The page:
Yesterday I spent the day in Sofia to run some errands and see a few friends. At the end of the day, I managed to miss my bus back to Samokov by 5 minutes, and then the next bus a half an hour later never came. Sometime during my one hour on the side of the highway in the freezing snow and wind, I struck up a conversation with a woman also waiting to head to Samokov. The usual battery of questions began withbthe predicted: "how old are you?" "Are you single?" "How much money do you make?" "Do you not like your family in America?" "What do you think of Bulgarian food?" "Are you crazy?" "Do you like it here?" That last one, upon my affirmation that yes, I do love it here, usually spurs some depressing tirade about all the problems in Bulgaria and how unhappy people are here.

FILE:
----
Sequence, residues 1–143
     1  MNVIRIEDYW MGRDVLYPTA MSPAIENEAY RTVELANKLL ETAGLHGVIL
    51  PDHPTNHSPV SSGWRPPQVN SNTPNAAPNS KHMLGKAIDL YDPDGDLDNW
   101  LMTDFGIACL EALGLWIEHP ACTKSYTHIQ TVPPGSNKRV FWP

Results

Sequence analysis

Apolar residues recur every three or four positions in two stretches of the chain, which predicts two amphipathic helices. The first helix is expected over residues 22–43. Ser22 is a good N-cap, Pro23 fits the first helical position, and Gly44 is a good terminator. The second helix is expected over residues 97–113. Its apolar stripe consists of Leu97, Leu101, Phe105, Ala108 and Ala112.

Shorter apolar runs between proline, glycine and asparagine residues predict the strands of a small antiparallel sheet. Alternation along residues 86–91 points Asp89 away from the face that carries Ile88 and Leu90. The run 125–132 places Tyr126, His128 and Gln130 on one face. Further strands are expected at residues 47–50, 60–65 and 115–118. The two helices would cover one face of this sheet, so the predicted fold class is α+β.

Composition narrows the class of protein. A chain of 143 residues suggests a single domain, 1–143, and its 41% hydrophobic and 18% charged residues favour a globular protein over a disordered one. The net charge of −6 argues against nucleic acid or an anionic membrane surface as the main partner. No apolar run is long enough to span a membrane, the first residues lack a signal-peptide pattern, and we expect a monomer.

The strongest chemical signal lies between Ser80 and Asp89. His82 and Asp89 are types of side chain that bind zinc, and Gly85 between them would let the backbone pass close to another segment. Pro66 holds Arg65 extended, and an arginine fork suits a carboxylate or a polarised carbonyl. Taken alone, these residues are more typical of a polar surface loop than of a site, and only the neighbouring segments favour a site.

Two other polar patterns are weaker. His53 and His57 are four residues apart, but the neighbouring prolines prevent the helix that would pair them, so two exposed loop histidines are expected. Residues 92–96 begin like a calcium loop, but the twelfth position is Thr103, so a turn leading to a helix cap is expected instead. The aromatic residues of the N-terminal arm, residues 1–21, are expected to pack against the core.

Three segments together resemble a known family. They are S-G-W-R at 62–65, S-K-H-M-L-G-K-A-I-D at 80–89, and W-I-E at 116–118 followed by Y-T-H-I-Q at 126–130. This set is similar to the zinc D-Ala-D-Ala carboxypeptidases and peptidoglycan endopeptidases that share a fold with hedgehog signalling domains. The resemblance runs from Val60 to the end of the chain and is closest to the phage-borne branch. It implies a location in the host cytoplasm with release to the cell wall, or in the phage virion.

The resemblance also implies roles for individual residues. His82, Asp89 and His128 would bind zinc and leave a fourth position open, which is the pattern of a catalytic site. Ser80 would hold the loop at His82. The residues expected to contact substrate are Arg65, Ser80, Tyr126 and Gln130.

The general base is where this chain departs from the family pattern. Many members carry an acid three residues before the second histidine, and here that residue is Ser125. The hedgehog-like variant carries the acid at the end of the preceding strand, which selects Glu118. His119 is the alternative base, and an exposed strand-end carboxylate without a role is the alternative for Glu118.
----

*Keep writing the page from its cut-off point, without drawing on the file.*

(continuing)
In fact, according to a recent article from the Economist, Bulgaria is THE least happy country in the world.
And that breaks my heart. But then again, I didn't grow up here. I'm not "stuck" here. It's easy to waltz in for two years with a plan and a focus, and know that I have an expiration on my commitment to live here. With that perspective, its easy to see the beauty here - the dedicated and loyal people, the delicious and fresh food, the gorgeous scenery, the passionate minority groups, and the relaxed lifestyle - and remain blissfully ignorant (to an extent), of the deeper issues.
But again - I'm American. I have the freedom to move on when I please, travel where I like, and obtain goals I set for myself. I consider myself immensely blessed, but what about everyone else?
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